4. Communication & involvement: promote transparent, open communication and actively involve stakeholders to ensure collaboration, feedback and shared understanding.

Who creates such a strategy?

An ethical innovation strategy involves the entire organisation. When implementing it, it is therefore important to engage the relevant people. For instance, someone from HR can help devise development plans for employees to improve their competences and skills for ethical technology. Probably the CTO, product owner or manager of the development team is needed to get the internal processes in place.

It is important that one person, or a small team, is responsible and has the overview of all the activities that happen to establish the ethical strategy. This person (or team) should have reasonable decision-making power and/or a mandate to lead the development and implementation of the strategy. This could be someone who has ethics in their portfolio completely or as a subtask, such as a digital ethicist or an ethics officer, or a (project) manager or change manager.

Ally: Build your ethical innovation strategy block by block

Then how do you initiate such an ethical innovation strategy? ‘Ally’ is an online toolbox that supports organisations in creating an ethical innovation strategy. It contains about 25 different building blocks, or actions, that you can implement to put responsible AI at the heart of your organisation. The building blocks each fall under one of the four above categories and vary in how comprehensive and in-depth they are. Thus, for every kind of organisation (small or large, with limited or larger budgets, etc.), there is a feasible and relevant way to achieve a strategy. Through a quick scan about your type of organisation, your focus and available resources, you get a proposal of 5 to 9 recommended building blocks, which you can always change or supplement with other building blocks.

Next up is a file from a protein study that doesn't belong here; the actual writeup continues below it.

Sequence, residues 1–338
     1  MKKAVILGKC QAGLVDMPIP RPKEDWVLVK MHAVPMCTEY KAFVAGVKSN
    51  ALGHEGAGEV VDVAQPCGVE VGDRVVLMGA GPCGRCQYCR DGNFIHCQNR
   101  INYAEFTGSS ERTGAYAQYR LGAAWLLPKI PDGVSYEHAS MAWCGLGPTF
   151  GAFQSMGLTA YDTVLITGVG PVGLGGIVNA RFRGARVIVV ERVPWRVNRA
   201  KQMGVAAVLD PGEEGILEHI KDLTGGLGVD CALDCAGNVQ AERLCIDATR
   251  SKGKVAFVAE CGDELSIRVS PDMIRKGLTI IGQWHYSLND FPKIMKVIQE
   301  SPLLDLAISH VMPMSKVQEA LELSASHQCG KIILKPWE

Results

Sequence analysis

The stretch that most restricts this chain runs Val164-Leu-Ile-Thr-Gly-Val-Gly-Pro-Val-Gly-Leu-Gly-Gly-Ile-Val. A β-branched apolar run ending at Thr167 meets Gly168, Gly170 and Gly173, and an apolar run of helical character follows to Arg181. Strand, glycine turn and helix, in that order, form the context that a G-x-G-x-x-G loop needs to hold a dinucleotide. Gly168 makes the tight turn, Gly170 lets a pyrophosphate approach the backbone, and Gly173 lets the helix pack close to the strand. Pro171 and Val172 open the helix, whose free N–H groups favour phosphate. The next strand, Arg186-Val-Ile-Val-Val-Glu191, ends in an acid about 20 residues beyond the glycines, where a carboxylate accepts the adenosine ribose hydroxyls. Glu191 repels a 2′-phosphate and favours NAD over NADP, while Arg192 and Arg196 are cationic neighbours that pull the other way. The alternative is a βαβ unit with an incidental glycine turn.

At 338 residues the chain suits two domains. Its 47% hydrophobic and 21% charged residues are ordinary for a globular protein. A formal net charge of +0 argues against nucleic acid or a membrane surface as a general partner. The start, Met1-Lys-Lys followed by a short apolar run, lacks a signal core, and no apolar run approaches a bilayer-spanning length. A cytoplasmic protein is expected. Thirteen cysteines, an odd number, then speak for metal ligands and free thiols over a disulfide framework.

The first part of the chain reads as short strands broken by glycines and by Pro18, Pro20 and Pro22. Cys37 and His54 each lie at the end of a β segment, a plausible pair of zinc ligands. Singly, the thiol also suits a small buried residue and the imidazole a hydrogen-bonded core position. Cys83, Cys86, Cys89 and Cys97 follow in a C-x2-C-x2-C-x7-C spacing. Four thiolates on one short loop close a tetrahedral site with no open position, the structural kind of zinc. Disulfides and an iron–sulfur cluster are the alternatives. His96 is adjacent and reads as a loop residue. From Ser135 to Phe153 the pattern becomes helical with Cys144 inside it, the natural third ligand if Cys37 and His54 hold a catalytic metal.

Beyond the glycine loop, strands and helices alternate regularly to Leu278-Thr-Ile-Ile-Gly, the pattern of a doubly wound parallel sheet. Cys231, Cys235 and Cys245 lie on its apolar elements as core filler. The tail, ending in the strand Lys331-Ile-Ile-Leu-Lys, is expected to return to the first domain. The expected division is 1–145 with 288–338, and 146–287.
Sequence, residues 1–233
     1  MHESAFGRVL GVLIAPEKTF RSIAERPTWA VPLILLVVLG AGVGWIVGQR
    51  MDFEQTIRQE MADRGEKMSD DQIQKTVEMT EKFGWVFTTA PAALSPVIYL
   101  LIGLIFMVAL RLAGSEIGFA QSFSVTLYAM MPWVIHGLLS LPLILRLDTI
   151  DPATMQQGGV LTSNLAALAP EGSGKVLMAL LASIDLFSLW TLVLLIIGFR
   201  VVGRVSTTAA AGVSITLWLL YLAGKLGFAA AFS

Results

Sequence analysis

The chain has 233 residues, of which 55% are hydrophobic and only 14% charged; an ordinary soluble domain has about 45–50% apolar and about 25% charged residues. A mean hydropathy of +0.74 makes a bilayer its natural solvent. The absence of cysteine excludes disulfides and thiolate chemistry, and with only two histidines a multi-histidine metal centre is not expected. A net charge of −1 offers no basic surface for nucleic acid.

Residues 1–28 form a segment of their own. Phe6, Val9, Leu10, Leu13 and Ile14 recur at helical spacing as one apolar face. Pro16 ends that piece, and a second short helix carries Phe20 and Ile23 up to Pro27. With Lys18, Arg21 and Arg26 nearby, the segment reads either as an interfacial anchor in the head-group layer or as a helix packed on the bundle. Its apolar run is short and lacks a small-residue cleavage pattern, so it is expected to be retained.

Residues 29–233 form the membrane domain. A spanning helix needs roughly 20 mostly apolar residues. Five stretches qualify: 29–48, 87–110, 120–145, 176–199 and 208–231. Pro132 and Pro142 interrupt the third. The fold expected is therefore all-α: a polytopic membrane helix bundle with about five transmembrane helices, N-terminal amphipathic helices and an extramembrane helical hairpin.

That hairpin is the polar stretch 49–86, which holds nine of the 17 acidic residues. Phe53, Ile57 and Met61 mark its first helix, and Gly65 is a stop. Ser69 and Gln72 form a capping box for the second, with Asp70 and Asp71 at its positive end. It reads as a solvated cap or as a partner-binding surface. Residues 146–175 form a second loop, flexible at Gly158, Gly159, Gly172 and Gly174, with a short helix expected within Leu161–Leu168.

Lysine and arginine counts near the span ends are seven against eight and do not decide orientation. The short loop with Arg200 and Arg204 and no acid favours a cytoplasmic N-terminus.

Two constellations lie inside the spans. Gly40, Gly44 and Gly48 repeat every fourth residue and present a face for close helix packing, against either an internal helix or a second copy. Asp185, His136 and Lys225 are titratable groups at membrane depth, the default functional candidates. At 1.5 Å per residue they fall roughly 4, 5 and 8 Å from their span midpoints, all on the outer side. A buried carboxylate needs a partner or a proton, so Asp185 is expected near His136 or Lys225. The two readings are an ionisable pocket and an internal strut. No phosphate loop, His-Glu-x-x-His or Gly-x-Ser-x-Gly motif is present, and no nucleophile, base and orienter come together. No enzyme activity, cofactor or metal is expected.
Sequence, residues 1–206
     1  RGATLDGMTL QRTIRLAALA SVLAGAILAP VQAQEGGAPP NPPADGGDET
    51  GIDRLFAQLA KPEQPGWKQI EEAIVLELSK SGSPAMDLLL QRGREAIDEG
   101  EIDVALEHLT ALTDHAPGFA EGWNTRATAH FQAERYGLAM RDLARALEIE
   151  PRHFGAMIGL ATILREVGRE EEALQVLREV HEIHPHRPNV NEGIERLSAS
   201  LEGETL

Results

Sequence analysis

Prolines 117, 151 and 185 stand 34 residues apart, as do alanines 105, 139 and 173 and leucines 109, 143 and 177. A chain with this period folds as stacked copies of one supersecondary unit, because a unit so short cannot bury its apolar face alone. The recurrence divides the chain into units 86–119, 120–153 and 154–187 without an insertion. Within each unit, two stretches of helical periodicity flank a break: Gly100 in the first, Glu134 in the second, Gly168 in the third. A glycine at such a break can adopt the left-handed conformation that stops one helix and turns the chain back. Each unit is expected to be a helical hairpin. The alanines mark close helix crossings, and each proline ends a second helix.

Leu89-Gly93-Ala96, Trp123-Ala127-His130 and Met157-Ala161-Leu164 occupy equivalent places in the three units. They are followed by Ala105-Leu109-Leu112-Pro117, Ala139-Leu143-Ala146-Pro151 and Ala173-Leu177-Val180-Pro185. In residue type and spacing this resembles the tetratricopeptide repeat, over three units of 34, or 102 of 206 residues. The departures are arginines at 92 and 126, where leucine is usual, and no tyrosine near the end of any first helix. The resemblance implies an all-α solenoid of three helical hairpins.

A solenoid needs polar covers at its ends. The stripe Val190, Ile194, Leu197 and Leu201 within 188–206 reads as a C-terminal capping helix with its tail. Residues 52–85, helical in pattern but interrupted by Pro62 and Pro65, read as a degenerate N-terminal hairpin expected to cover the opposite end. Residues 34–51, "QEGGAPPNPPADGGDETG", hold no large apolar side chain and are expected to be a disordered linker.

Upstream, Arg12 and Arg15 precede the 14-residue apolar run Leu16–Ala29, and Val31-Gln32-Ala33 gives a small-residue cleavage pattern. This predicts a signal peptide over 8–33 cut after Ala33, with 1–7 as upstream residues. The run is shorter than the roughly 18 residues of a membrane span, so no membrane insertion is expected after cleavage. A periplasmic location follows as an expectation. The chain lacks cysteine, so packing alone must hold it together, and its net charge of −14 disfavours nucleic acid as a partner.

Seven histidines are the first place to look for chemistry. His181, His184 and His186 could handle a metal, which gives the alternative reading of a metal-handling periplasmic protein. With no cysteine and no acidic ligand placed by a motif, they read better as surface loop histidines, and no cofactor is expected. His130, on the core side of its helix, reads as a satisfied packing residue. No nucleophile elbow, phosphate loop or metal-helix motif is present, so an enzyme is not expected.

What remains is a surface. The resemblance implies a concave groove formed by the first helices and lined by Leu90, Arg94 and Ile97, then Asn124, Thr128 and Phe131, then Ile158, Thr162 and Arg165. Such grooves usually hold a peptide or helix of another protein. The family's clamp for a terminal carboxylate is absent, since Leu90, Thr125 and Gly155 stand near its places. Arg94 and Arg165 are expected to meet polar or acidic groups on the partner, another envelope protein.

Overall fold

With the composed trajectory of building blocks, you can get started right away. For each building block, it describes what and who is needed, which steps you can take and through which sources you can find more information. The added value of each building block is also described and a PowerPoint download is available to convince others to free up manpower and budgets to implement the actions. For inspiration, there are also cases of other organisations that have gone through one or more building blocks. You can read there about their approach, obstacles and insights regarding that action.

If you still have no idea where to start, a physical workshop is available where you and your team or working group can put together your own path based on the building blocks to create your ethical innovation strategy.


With an ethical innovation strategy, you create clarity for employees, customers, suppliers, users and other stakeholders. You show what you stand for and you ensure that your vision of responsible AI can also become true because the processes, people, culture and communication around data and AI promote ethical behaviour. In this way, ethics becomes something concrete and ordinary, leading to more responsible development, implementation and use of technology in general.